Asian football body suspends chief bin Hammam
KUALA LUMPUR - Agence France-Presse
In this file photo dated May 10, 2011 Mohamed bin Hammam, chief of the Asian Football Confederation, talks to local media in Port of Spain, Trinidad & Tobago. AP Photo
The Asian Football Confederation said yesterday it had suspended for 30 days its chief Mohamed bin Hammam over possible ethical violations in a new blow to the under-fire Qatari’s efforts to clear his name.
Bin Hammam, 63, has been fighting charges he tried to buy FIFA delegate votes in campaigning to unseat the world body’s long-standing president Sepp Blatter in a leadership election last year.
The scandal earned him a FIFA life ban from football and he has been provisionally replaced by the AFC pending appeals.
But the AFC said in a statement posted on its website that it had handed bin Hammam a 30-day suspension the day before following an external audit of the confederation’s financial accounts.
The audit deals with “events surrounding the negotiation and execution of certain contracts and with the financial transactions made in and out of AFC bank accounts and his personal account during the tenure of Mr. Bin Hammam’s presidency,” the statement read.
Bin Hammam is suspended “from taking part in any kind of football activity in the area of jurisdiction of the AFC until the AFC Disciplinary Committee reaches a decision on the merits in the present matter,” it added.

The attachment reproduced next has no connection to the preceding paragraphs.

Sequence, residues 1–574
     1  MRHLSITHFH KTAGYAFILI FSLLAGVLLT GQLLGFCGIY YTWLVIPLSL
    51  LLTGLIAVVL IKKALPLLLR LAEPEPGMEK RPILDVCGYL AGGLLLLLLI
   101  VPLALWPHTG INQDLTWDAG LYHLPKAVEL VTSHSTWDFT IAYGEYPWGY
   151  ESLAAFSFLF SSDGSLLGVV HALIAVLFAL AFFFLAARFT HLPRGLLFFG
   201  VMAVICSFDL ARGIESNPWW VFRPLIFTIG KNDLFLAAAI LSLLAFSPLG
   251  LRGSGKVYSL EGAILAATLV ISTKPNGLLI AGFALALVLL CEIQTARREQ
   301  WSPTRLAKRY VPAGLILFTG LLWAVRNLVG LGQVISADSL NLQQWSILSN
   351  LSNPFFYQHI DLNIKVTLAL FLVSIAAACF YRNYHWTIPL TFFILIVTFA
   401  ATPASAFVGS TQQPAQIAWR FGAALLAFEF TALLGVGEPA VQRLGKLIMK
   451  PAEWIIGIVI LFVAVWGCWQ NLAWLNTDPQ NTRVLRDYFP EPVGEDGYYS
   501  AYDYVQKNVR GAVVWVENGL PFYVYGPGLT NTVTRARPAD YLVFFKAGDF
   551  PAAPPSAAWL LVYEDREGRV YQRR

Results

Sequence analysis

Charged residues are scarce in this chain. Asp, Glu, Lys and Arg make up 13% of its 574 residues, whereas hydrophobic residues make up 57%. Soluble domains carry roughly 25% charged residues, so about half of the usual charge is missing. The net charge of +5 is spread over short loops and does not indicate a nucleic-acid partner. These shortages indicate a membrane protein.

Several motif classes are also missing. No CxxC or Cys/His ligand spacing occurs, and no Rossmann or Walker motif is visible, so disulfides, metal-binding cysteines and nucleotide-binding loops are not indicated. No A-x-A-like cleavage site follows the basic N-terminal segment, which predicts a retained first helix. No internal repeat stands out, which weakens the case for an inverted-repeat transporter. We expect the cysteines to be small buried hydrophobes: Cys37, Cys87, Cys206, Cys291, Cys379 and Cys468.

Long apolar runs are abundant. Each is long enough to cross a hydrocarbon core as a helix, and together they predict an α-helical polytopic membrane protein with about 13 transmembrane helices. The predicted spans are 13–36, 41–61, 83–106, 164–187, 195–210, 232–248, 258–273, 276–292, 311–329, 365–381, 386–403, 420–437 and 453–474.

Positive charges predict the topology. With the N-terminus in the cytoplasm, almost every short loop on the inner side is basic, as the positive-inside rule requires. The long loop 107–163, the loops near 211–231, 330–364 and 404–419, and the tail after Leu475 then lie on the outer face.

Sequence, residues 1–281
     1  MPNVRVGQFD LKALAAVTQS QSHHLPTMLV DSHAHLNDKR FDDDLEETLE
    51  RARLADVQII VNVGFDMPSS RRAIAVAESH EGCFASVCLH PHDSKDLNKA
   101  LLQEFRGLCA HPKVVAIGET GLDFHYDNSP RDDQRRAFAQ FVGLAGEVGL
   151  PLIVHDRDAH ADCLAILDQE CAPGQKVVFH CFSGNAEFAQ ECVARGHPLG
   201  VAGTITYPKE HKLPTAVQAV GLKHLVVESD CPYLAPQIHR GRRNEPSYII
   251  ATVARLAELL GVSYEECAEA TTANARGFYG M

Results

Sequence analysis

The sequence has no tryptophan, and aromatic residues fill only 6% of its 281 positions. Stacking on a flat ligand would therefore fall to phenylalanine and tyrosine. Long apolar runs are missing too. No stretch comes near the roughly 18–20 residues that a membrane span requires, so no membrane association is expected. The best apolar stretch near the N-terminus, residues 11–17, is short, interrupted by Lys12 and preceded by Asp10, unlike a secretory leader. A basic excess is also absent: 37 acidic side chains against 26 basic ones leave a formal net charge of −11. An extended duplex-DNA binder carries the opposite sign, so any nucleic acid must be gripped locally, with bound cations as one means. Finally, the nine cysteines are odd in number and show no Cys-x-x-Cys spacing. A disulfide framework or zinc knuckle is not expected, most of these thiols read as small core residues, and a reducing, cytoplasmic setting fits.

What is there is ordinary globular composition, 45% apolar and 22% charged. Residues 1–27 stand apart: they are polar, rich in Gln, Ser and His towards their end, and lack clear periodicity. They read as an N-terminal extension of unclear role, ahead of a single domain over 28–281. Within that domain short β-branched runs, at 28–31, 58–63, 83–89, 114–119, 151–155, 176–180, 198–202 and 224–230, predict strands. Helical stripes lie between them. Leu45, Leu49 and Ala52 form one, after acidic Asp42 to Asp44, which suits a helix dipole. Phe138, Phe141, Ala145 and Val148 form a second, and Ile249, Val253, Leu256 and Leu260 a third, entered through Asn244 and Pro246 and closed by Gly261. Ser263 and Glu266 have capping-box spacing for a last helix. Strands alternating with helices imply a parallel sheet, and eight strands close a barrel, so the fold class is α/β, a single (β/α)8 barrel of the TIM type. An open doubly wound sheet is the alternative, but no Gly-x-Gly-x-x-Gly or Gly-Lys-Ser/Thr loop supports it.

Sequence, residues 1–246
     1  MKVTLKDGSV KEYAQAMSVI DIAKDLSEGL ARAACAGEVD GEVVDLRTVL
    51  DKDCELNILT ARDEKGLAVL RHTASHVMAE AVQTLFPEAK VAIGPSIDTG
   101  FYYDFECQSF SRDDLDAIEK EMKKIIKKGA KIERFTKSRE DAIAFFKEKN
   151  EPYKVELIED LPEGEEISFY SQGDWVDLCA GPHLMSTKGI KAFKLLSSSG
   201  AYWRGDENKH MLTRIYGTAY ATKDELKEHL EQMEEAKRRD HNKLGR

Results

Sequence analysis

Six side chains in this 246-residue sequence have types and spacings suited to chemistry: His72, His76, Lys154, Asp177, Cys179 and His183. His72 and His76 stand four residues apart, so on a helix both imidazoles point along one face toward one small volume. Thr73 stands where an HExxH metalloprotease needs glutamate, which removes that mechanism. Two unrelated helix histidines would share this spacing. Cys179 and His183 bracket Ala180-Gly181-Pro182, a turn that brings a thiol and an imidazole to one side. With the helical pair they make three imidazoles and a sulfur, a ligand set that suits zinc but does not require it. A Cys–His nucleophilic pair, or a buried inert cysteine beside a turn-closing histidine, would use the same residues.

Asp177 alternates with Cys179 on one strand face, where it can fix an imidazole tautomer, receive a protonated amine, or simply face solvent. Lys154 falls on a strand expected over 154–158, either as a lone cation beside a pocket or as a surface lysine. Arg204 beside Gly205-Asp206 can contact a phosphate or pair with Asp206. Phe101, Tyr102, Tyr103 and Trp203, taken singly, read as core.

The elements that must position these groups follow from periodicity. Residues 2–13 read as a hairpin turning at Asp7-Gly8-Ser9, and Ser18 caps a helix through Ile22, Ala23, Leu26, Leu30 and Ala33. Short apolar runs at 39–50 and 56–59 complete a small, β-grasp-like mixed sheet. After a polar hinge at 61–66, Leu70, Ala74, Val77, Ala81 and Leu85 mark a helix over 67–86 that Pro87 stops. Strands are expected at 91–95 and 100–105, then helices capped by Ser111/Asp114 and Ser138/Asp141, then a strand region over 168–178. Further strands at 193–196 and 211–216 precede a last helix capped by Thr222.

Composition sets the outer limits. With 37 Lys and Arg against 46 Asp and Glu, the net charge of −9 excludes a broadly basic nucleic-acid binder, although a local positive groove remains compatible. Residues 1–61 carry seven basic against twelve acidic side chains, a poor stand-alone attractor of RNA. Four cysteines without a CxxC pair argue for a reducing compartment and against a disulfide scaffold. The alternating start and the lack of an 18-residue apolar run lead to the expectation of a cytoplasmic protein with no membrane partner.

The statement said the alleged infringements included violations of AFC statutes on ethics, corruption, conflicts of interest, bribery and accepting gifts and other benefits.
But it gave no other details and said it would not comment further on the case for the time being. An AFC spokesman declined comment to AFP on the issue.
Retaking the post
Fresh allegations of impropriety look likely to complicate bin Hammam’s efforts to regain the leadership of the AFC. He was sidelined by the body last year and replaced on an interim basis by Zhang Jilong, China’s former football boss.
AFP was not immediately able to reach bin Hammam for comment.
He has denied wrongdoing in the FIFA presidential challenge, saying cash hand-outs he received during the election were merely gifts, and he describes the charges and his punishment by FIFA as politically motivated.
He lost an appeal with FIFA over his life ban and has since lodged a further appeal to the Court of Arbitration for Sport (CAS) in Switzerland.
Besides painting a corrupt picture of FIFA, the revelations also focused attention on Qatar’s successful bid to host the 2022 World Cup, in which bin Hammam played a key role, and sparked calls for reform of FIFA’s governance structure.